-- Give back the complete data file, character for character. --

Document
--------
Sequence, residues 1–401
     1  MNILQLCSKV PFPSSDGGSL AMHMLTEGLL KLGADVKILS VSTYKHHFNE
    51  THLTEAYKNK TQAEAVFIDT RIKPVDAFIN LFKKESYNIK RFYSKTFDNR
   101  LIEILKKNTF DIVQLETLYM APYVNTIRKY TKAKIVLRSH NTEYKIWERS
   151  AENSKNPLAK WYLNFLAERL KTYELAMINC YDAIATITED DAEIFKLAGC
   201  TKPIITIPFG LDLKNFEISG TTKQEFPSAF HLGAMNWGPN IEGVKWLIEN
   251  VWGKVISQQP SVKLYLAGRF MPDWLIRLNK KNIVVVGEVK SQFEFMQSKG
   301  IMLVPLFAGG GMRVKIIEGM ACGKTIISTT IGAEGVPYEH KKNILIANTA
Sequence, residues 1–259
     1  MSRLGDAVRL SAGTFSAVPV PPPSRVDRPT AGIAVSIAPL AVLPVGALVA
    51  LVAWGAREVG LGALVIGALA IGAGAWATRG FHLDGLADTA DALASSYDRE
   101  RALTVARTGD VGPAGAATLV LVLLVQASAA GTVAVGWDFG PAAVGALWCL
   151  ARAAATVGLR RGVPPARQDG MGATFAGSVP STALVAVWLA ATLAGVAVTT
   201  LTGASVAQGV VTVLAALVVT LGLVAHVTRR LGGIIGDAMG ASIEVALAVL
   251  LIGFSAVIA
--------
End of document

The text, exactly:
Sequence, residues 1–401
     1  MNILQLCSKV PFPSSDGGSL AMHMLTEGLL KLGADVKILS VSTYKHHFNE
    51  THLTEAYKNK TQAEAVFIDT RIKPVDAFIN LFKKESYNIK RFYSKTFDNR
   101  LIEILKKNTF DIVQLETLYM APYVNTIRKY TKAKIVLRSH NTEYKIWERS
   151  AENSKNPLAK WYLNFLAERL KTYELAMINC YDAIATITED DAEIFKLAGC
   201  TKPIITIPFG LDLKNFEISG TTKQEFPSAF HLGAMNWGPN IEGVKWLIEN
   251  VWGKVISQQP SVKLYLAGRF MPDWLIRLNK KNIVVVGEVK SQFEFMQSKG
   301  IMLVPLFAGG GMRVKIIEGM ACGKTIISTT IGAEGVPYEH KKNILIANTA
Sequence, residues 1–259
     1  MSRLGDAVRL SAGTFSAVPV PPPSRVDRPT AGIAVSIAPL AVLPVGALVA
    51  LVAWGAREVG LGALVIGALA IGAGAWATRG FHLDGLADTA DALASSYDRE
   101  RALTVARTGD VGPAGAATLV LVLLVQASAA GTVAVGWDFG PAAVGALWCL
   151  ARAAATVGLR RGVPPARQDG MGATFAGSVP STALVAVWLA ATLAGVAVTT
   201  LTGASVAQGV VTVLAALVVT LGLVAHVTRR LGGIIGDAMG ASIEVALAVL
   251  LIGFSAVIA